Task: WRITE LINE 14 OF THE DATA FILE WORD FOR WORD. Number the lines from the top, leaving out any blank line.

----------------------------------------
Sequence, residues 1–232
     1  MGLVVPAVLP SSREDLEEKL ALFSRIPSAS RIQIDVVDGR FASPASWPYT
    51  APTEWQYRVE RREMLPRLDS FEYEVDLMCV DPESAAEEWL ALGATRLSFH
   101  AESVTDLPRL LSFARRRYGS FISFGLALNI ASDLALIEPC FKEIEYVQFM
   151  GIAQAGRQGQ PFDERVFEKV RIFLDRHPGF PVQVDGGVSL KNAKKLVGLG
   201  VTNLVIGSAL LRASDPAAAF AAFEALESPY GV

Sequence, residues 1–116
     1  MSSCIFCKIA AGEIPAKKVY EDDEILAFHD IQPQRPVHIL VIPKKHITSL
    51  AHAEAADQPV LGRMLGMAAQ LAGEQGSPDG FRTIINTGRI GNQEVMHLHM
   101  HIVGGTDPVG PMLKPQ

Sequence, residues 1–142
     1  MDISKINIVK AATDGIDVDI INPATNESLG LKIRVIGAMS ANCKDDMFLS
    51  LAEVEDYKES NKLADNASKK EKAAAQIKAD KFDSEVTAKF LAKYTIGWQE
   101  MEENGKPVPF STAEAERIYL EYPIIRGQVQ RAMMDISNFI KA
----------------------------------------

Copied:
   101  MEENGKPVPF STAEAERIYL EYPIIRGQVQ RAMMDISNFI KA